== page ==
The Best Flowers to Plant in Mississippi: 11 Flowers for a Gorgeous Bloom

Written by Rebecca Mathews
Published: September 12, 2023
Share on:

Advertisement


What are the best flowers to plant in Mississippi? Warmth-loving plants perform well in the magnolia state, and some cope with its humidity too. Here are eleven flowers for a gorgeous bloom in Mississippi, plus top care tips to keep their colorful flowers blooming for months.

Mississippi’s Growing Zones

Mississippi’s USDA plant hardiness zones range from 7a to 9a. In general, these zones have hot summers and warm winters. These warm temperatures make a spectacular abundance of flowering plants possible across the state. However, it’s best to check growing zone information before planting these beauties out. Any flowers that love tropical heat mightn’t cope with a cool 7a winter.

1. Yarrow

Spring and summer blooming perennial yarrow is one of the best flowers to plant in Mississippi’s low-maintenance gardens. It has sprays of flat flowerheads formed from many tiny pollinator-attracting flowers. Choose from plain white, pink, red, gold, or burgundy to compliment your outdoor space.

Only The Top 1% Can Ace our Animal Quizzes

Think You Can?

Yarrow reaches one to three feet in height and spread. It copes with poor soil and drought once established, but flowers are best if it’s watered in hot spells. Plant yarrow in full sun or partial shade in early spring and water it well. Within a month or two, flowerheads start emerging.

In Mississippi’s blazing summers, yarrow may get leggy. If this happens, cut it down to the first pair of leaves. It’ll quickly regrow with bushier foliage.

Yarrow thrives in zones 3-9. It’s a tough plant!

Paprika Yarrow

Yarrow is a tough but beautiful flower that attracts bees, butterflies, and hoverflies.

©Jennifer Yakey-Ault/Shutterstock.com

2. Cardinal Flower

Tall spires of red, white, or rose-colored cardinal flowers create a splash of epic color across zones 3-9, so it’s perfect for Mississippi.

Cardinal flowers reach a maximum height of four feet and spread up to two feet wide. Full sun is best for this native flower, but it’ll cope with some shade too. In zone 9, a position sheltered from the roasting afternoon sun helps keep its color bright.

Plant out in early spring and expect flower buds in July. By August, a stem of color should feed your visiting hummingbirds. This hardworking flower gives much more than it expects in return, but it’s a short-lived perennial that rarely lasts longer than two to three years. You can extend its lifespan by splitting the clump every two years.

Adult male Ruby-throated Hummingbird (rchilochus colubris) feeding on a cardinal flower (Lobelia cardinalis).

Ruby-throated hummingbirds adore cardinal flowers’ easy-to-access blooms.

©Patrick Jennings/Shutterstock.com

3. Black-Eyed Susan

Perennial black-eyed Susan is a southern state staple and one of the best flowers to plant in Mississippi. It adores Mississippi’s heat, and because it’s a prairie plant, it tolerates drought once established. Its golden yellow blooms with dark centers resemble mini sunflowers, but unlike sunflowers, they form a swathe of gold from June until fall.

Black-eyed susan reaches three feet tall, and the clump spreads each year, so it’s perfect for the back of a border where it feeds pollinators. It’ll grow in the majority of soils except waterlogged areas, and it’ll reseed across the garden without assistance. Zones 3-9 suit this tough native, but beware cultivars that can’t cope with Zone 9 Mississippi summers. Check labels before spending any money to make sure it’s a suitable cultivar.  

Plant black-eyed susan out in early spring, give it plenty of water, and deadhead blooms as they go over to keep fresh new flowers coming.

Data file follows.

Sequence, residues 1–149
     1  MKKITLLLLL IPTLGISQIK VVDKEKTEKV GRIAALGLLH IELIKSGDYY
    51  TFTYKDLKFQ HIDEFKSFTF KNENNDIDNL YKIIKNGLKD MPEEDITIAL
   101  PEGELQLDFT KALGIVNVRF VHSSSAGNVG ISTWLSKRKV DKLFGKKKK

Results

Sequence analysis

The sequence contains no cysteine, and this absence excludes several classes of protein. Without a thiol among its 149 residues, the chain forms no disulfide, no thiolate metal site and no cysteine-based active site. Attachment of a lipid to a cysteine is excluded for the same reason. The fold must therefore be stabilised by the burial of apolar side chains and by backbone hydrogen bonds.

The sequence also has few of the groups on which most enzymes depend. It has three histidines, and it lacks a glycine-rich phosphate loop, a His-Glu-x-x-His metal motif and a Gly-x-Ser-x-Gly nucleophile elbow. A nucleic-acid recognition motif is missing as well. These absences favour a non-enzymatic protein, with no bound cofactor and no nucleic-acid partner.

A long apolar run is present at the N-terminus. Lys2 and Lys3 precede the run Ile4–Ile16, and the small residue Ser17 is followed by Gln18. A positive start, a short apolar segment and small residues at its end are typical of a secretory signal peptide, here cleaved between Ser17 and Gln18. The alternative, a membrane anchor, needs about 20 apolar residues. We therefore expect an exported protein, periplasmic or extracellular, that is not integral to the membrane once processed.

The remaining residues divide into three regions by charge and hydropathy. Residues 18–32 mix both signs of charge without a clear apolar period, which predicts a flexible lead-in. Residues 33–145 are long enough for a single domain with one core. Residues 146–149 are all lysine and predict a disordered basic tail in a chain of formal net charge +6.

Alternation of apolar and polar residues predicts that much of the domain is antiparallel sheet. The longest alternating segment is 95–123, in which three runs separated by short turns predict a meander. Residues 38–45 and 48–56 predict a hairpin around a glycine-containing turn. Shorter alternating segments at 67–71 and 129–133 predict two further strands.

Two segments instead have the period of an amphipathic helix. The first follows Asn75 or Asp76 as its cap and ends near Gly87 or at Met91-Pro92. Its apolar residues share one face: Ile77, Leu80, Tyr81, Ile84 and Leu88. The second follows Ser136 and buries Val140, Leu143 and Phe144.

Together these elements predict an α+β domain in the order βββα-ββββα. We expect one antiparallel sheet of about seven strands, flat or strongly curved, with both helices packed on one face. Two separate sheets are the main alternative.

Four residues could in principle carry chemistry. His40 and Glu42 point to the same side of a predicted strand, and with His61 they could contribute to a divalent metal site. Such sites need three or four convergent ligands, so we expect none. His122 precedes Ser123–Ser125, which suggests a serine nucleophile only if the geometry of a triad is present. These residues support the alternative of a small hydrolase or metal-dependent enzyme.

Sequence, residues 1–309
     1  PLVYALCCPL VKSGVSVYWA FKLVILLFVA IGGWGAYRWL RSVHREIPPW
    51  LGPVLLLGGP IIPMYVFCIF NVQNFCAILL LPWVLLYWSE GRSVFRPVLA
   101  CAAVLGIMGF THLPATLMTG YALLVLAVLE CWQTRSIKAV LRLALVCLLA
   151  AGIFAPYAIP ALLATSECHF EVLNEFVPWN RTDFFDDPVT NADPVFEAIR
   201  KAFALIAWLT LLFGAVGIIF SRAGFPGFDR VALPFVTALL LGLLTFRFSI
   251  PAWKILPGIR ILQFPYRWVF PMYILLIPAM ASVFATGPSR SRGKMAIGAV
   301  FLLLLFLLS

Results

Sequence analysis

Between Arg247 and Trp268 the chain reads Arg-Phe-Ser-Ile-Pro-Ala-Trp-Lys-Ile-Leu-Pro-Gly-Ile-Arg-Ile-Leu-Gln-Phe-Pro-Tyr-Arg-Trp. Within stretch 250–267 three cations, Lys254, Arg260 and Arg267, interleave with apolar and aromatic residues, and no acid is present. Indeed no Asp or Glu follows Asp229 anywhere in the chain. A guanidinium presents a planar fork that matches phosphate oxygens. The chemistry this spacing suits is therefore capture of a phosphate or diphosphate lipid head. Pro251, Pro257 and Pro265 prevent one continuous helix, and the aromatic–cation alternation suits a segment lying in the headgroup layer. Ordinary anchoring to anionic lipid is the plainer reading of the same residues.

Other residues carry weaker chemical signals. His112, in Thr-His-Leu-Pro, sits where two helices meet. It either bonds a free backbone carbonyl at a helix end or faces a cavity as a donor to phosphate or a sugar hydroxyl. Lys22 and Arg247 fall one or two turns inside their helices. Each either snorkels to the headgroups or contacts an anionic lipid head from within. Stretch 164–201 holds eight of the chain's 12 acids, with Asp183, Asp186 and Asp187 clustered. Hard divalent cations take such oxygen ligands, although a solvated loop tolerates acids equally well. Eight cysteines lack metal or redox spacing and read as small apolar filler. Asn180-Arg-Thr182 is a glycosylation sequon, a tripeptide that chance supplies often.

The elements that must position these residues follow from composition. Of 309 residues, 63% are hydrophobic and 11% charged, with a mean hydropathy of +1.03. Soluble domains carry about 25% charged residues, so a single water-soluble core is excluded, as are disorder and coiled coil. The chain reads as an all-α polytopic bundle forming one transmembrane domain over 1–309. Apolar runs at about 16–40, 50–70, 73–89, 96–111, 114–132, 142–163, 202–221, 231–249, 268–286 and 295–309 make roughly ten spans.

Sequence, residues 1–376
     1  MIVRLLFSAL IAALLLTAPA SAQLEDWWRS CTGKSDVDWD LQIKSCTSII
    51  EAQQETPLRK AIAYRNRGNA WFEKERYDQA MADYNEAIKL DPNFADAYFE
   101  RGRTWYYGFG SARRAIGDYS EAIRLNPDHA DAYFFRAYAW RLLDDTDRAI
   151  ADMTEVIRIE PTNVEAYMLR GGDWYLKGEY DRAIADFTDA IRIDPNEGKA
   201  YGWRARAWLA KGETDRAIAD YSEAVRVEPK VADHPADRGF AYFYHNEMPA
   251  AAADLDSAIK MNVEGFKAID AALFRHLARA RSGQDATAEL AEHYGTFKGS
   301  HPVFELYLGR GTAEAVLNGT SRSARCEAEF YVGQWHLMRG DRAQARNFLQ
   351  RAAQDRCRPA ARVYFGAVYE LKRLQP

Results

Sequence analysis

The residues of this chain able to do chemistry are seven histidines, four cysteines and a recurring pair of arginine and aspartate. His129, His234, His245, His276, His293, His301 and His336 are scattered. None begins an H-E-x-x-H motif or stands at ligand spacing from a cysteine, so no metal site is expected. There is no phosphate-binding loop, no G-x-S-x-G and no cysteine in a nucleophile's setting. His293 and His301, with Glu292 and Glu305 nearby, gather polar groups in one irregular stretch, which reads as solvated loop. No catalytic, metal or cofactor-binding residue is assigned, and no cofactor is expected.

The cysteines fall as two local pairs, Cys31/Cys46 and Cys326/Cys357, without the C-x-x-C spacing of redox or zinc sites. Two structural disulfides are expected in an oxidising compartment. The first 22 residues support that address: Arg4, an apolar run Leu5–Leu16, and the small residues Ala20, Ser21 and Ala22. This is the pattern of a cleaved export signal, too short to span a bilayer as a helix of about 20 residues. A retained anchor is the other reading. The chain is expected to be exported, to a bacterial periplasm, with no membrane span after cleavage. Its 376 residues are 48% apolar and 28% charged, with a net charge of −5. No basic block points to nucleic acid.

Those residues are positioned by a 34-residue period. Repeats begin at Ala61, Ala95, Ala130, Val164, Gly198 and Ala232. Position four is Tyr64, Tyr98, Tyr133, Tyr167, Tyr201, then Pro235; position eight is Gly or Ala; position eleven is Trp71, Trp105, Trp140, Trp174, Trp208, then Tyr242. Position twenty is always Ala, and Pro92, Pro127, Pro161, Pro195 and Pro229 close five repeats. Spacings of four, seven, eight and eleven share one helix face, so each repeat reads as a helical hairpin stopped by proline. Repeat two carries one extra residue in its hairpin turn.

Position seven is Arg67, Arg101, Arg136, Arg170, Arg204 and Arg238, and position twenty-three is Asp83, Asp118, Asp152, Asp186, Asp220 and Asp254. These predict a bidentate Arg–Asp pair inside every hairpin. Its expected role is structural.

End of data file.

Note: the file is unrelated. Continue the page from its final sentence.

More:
Flower arrangers love black-eyed susan because the stems last for weeks in floral arrangements, and taking a few from each clump doesn’t ruin border displays.

Black-eyed Susan

Perennial black-eyed susan suits zone 3-9, but beware of more tender cultivars.

©iStock.com/Dopeyden

4. Hydrangea

Mississippi zones 3-8 best suit Japanese native hydrangeas, but a shady to partially shady spot is essential because hydrangeas need protection from the full sun.

Many hydrangeas reach six to eight feet tall and bloom large pink flowers in alkaline soil and blue flowers in acidic soil. White hydrangeas like Annabelle remain white in both soil types.

Plant your zone-suitable choice in well-drained, organically rich soil with morning sun and afternoon shade for the best results. It’s best to plant hydrangeas in the fall when the soil is warm because they need consistently damp roots.

Hydrangeas lose their leaves over winter but emerge again in spring. Expect flowers in late spring and throughout the summer months. Deadhead as they go over and apply a really thick layer of mulch to the base. Mulch provides extra nutrients, and it traps essential moisture, too.  

Hydrangea paniculata Silver Dollar in the morning garden

White hydrangeas stay white no matter the soil pH.

©Zoya Pustovoyt/Shutterstock.com

5. Asters

Asters thrive in Mississippi’s warmth and take the prize in fall when they can be one of the last flowers standing. Zones 3 to 10 suit this toughie, but do check the cultivar in case it’s a tender version.

These perennial beauties resemble frilly daisies on a clump of gray-green foliage. Bees and butterflies adore asters, especially in fall when nectar supplies dwindle. It’s among the best flowers to plant in Mississippi for fall-time bees.

Depending on the species, asters range from a few inches in height to several feet, and the color choice is endless. Choose from purple, blue, pink, yellow, and red – there’s always one to suit a bare spot.

Asters love full sun, but they cope with partial shade, too. Pretty much any well-drained soil is suitable, and they like containers, too, so long as you remember to water them frequently! Deadhead when required, and they just keep coming.

Asters bloom through the fall, so they are excellent food for pollinators.

©iStock.com/Inna Giliarova

6. Swamp Rose

Mississippi’s wild roses are not just beautiful. They’re bombproof and excellent choices for pollinator-friendly gardens. One of the most well-known is the swamp rose, a North American native that loves damp soil. That said, it’ll cope in most spots because it’s a true survivor.